Socioeconomic factors, rather than diabetes mellitus per se, contribute to an excessive use of antidepressants among young adults with childhood onset type 1 diabetes mellitus: a register-based study

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Mood disorders, including depression, are suggested to be prevalent in persons with type 1 diabetes and may negatively affect self-management and glycaemic control and increase the risk of diabetic complications. The aim of this study was to analyse the prevalence of antidepressant (AD) use in adults with childhood onset type 1 diabetes and to compare risk determinants for AD prescription among diabetic patients and a group of matched controls.


Young adults ≥18 years on 1 January 2006 with type 1 diabetes (n = 7,411) were retrieved from the population-based Swedish Childhood Diabetes Registry (SCDR) and compared with 30,043 age- and community-matched controls. Individual level data were collected from the Swedish National Drug Register (NDR), the Hospital Discharge Register (HDR) and the Labor Market Research database (LMR).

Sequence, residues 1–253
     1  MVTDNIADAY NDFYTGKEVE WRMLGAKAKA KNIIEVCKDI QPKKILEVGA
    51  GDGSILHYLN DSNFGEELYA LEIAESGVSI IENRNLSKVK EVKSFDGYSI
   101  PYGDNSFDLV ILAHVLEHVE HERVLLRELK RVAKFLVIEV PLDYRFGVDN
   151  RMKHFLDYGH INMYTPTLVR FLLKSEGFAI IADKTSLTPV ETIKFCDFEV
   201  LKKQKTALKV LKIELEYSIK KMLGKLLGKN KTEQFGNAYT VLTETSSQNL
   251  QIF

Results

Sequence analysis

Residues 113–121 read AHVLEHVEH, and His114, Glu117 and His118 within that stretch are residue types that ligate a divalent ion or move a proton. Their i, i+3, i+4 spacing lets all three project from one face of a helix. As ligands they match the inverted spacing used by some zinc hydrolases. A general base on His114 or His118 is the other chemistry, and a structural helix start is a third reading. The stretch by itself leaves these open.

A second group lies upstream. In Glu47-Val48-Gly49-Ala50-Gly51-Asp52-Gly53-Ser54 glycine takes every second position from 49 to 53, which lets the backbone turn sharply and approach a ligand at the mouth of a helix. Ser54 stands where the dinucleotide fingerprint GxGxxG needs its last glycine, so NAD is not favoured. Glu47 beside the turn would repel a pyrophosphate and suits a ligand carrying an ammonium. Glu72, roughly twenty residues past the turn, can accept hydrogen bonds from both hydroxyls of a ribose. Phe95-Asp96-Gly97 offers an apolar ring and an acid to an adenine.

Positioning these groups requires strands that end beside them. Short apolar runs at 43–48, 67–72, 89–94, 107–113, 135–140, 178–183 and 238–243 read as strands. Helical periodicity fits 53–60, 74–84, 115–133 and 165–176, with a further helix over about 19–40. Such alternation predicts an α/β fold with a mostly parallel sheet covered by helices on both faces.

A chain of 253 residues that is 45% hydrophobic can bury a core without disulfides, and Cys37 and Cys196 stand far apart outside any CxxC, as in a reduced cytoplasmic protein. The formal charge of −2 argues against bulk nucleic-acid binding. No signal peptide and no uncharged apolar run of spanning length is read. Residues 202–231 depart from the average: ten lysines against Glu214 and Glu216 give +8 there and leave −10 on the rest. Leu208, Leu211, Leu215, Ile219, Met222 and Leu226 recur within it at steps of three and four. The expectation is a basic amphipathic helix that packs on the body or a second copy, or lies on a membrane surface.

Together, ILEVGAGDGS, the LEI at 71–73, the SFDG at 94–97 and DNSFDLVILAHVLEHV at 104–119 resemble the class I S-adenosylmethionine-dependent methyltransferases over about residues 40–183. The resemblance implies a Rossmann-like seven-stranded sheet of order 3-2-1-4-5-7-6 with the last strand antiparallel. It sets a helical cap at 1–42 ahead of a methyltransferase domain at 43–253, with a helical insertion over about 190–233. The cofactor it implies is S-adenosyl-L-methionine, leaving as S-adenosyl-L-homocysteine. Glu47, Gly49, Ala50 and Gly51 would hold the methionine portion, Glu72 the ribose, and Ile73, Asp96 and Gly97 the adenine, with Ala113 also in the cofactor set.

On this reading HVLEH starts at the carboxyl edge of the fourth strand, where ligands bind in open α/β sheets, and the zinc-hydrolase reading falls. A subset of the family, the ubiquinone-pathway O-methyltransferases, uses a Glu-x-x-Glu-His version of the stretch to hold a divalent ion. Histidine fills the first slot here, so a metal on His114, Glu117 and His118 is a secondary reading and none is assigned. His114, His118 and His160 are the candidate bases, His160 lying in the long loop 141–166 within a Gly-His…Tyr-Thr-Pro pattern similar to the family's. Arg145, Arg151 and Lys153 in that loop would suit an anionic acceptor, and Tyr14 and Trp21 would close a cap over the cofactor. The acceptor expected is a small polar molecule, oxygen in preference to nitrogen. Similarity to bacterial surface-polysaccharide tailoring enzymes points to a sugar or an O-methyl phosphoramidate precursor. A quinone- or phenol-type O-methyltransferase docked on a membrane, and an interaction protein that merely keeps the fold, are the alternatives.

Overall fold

ADs were prescribed to 9.5% and 6.8% of the type 1 diabetes and control subjects, respectively. Female sex, having received economic or other social support, or having a disability pension were the factors with the strongest association with AD prescription in both groups. Type 1 diabetes was associated with a 44% (OR 1.44, 95% CI 1.32, 1.58) higher risk of being prescribed ADs in crude analysis. When adjusting for potential confounders including sex, age and various socioeconomic risk factors, this risk increase was statistically non-significant (OR 1.11, 95% CI 0.99, 1.21).


The risk factor patterns for AD use are similar among type 1 diabetic patients and controls, and socioeconomic risk factors, rather than the diabetes per se, contribute to the increased risk of AD use in young adults with type 1 diabetes.

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